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Preventing Period Poverty

Girl Scout Orrin Jones is working towards her Gold Award. For her project, she decided to focus it around making feminine hygiene products more available. Coming out of COVID was already a challenge for numerous people, especially for women.

One of my greatest friends missed school for a few days; this was not usual for her, so I asked her if she was sick. She replied promptly and stated that she wasn’t sick, she only had her period. This confused me because I assumed that our school had recourses for menstruators. When I spoke to one of my school nurses, she told me that the sanitary napkins were bough quarterly and they ran out of materials to distribute. I further asked her if the district has a budget or lends the school money for these products, and she stated that the district does not do either of those things, and she has to use her salary for such products. This incident sparked my interest in this issue, which I came to find out was more common globally. 1 in 7 women cannot afford sanitary products, and 1 in 3 miss school, work, or other important events to stay home and tend to their cycles. On top of that, there is a Pink Tax that makes female items more expensive than male products.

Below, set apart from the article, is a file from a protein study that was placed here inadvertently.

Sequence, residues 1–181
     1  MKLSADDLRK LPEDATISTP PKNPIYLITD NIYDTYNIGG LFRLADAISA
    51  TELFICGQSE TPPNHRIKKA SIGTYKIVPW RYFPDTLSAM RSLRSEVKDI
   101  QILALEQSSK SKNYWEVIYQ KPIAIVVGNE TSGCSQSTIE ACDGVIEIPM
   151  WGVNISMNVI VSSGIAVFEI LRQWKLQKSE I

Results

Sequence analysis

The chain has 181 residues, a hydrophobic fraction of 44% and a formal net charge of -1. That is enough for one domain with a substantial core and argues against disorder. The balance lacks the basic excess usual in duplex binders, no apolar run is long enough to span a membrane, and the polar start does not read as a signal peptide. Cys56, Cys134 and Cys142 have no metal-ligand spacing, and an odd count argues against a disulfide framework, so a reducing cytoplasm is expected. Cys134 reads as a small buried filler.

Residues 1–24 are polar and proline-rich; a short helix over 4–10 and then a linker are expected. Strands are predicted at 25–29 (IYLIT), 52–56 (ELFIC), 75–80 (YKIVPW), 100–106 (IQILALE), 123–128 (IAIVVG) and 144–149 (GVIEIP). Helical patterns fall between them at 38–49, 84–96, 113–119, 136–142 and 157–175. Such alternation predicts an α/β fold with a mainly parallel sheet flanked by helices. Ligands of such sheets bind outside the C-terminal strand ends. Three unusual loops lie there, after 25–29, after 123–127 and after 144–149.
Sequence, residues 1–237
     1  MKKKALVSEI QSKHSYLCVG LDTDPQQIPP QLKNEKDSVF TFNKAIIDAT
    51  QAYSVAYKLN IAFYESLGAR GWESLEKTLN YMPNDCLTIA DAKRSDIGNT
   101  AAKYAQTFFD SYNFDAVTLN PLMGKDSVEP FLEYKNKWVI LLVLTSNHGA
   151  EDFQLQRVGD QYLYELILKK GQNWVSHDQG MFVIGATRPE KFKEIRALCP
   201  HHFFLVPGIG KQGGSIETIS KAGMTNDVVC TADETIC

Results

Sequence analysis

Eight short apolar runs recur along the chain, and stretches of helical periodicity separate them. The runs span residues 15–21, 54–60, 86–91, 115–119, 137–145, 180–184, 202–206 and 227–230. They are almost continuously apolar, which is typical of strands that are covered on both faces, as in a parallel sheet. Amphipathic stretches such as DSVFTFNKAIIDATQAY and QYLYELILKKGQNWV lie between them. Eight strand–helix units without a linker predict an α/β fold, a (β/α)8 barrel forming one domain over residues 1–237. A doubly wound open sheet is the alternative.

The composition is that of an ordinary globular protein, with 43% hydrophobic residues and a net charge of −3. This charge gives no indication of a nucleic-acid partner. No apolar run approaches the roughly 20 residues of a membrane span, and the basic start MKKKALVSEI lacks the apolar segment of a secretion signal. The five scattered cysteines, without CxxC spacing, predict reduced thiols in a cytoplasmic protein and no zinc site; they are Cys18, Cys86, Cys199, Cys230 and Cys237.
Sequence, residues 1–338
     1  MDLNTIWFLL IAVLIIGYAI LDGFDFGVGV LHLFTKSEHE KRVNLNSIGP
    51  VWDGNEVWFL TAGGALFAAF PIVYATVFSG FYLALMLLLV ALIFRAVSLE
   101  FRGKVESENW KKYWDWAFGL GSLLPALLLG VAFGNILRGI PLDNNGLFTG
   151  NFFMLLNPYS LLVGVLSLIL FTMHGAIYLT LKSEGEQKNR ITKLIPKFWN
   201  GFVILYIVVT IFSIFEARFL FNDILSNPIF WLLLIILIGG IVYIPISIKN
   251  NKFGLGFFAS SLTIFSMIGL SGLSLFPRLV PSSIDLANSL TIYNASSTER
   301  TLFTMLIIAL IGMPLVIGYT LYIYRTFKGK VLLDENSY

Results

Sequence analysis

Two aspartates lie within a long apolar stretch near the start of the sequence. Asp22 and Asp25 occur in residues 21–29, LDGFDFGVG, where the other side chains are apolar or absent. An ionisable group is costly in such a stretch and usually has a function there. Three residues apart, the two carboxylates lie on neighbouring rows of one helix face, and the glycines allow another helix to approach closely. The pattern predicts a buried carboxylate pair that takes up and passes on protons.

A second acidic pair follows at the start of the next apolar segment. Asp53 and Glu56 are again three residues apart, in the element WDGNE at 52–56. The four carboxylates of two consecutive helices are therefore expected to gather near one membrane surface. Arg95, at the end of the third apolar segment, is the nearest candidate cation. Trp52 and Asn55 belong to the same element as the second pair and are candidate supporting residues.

All of prompted me to take action and try to spread awareness. I decided to create a nonprofit and website (both still in the process) called Prevent Period Poverty, and I have partnered with global nonprofit I Support the Girls to expand my business not only nationally, but in countries such as Pakistan, Germany, and Japan. My nonprofit collects donated sanitary products, creates reusable sanitary napkins, and pamphlets, and sends each item to numerous organizations that will distribute these items to women who need it, schools, and other institutions. I will be working on placing a category on my website where females can order their menstrual products for free and have them delivered to their location.

I am also spreading awareness on my website on the Pink Tax issue, how it is unconstitutional, and ways that each person can help fight against this injustice issue. Though I have just begun my journey, I am excited to see how far my organization can go to make this issue decrease and educate people on how to help and support menstruators.



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